The Tale of Solomon Owl eBook

Arthur Scott Bailey
This eBook from the Gutenberg Project consists of approximately 55 pages of information about The Tale of Solomon Owl.

“I declare—­I haven’t cut the holes for your eyes!” the tailor exclaimed.  “Just wait a moment and I’ll make everything satisfactory.”  He clinked his shears together sharply as he spoke.

But Solomon Owl told him that he wouldn’t think of letting anybody use shears so near his eyes.

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Solomon Found Mr. Frog’s Shop Was Closed

“I’ll take off the coat,” he said.  “And I know now that you’re a very poor tailor, or you wouldn’t have made such a mistake.”  He began to tug at the coat.  But he soon found that taking it off was not so easy as putting it on.  Solomon’s sharp claws caught in the cloth; and his hooked beak, too, fastened itself in the hood the moment he tried to pull the coat over his head.  “Here!” he cried to Mr. Frog.  “Just lend me a hand!  I can’t see to help myself.”

But Mr. Frog did not even answer him.

“Don’t you hear me?” Solomon Owl shouted, as he struggled with his new coat, only to become tangled in it more than ever.

Still, the tailor said never a word, though something very like a giggle, followed by a splash, caught Solomon’s ear.

“He’s left me!” Solomon Owl groaned.

“Mr. Frog has left me to get out of this coat alone.  And goodness knows how I’m ever a-going to do it.”  He threshed about so vigorously that he tripped himself and fell upon the bank of the brook, rolling over and over toward the water.

He had a very narrow escape.  If he hadn’t happened to bring up against an old stump he would certainly have tumbled into the stream.

Though Solomon couldn’t see, he knew that he was in danger.  So he lay on his back on the ground and carefully tore his new coat into strings and ribbons.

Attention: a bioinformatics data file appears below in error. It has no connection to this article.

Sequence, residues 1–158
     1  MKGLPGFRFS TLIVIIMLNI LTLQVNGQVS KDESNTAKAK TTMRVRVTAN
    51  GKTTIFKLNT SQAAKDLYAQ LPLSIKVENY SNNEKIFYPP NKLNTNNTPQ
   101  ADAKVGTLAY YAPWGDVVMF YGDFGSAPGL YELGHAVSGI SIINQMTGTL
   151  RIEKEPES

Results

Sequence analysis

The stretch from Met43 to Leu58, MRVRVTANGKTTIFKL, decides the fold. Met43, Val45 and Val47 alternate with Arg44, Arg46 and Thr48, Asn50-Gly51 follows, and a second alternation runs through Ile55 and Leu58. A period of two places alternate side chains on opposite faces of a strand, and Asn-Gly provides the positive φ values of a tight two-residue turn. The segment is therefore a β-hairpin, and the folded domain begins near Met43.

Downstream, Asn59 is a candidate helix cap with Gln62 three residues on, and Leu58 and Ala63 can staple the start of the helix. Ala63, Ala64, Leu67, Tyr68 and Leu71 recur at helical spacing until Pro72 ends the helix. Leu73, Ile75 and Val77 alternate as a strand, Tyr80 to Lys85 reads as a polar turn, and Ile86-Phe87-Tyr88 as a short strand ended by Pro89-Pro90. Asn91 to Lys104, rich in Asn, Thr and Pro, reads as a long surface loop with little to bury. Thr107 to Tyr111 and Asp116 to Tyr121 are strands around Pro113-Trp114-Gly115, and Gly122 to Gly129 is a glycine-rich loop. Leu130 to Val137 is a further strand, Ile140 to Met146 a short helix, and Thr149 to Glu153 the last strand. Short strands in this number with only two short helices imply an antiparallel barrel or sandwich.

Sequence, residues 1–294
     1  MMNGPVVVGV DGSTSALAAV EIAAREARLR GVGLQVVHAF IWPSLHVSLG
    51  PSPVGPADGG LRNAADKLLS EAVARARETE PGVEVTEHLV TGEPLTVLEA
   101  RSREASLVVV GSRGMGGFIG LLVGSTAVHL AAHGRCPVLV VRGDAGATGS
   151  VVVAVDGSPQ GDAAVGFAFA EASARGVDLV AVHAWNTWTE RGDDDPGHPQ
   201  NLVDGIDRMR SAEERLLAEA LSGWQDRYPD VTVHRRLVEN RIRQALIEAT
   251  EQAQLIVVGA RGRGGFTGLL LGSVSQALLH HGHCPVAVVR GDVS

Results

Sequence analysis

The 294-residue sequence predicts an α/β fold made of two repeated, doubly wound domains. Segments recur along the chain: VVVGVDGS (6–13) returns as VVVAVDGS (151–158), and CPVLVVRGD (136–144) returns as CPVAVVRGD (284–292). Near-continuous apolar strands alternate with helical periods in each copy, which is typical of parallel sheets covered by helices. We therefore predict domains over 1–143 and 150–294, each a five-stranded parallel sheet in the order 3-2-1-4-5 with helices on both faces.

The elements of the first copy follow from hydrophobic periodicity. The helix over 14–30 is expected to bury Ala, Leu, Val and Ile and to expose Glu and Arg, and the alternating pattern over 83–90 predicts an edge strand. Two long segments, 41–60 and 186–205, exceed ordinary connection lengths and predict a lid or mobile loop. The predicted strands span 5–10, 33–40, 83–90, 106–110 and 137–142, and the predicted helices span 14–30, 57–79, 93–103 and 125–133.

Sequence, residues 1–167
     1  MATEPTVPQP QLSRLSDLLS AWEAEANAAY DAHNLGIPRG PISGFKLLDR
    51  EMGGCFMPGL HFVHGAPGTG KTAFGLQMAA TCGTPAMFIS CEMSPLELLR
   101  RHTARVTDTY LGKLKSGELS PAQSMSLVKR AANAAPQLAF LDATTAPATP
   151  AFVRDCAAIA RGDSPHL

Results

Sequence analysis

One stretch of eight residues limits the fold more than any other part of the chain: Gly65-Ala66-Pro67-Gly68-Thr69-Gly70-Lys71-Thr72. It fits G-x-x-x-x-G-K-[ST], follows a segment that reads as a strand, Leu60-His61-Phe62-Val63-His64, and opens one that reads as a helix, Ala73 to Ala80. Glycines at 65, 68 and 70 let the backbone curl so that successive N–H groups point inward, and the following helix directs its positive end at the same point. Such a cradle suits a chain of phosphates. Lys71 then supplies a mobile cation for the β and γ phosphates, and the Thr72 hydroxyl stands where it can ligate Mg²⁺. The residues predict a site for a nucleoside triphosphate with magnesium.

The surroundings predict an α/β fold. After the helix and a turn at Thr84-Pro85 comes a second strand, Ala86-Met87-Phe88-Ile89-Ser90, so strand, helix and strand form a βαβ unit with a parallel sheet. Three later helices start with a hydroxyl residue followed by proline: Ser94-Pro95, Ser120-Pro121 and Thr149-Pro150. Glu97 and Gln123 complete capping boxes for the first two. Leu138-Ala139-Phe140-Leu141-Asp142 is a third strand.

At last he was free.  And he rose to his feet feeling very sheepish, for he knew that Mr. Frog had played a sly trick on him.

“Nevermind!” said Solomon Owl, as he flew way.  “I’ll come back to-morrow and ask Mr. Frog to make me a waistcoat and trousers.  And then——­” He did not finish what he was saying.  But there is no doubt that whatever it was, it could not have been very pleasant for Mr. Frog.

Just as he had planned, Solomon Owl returned to the brook the next day.  And he was both surprised and disappointed at what he found.

The door of Mr. Frog’s tailor’s shop was shut and locked.  And on it there was a sign, which said: 


“He’s moved away!” cried Solomon Owl.  And he went off feeling that he had been cheated out of a good dinner—­to say nothing of a new waistcoat—­and new trousers, too.

He had not been gone long when the door opened.  And Mr. Frog leaped nimbly outside.  He took the sign off the door; and sitting down cross-legged upon the bank, he began to sew upon Jasper Jay’s new blue suit, while his face wore a wider smile than ever.

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The Tale of Solomon Owl from Project Gutenberg. Public domain.
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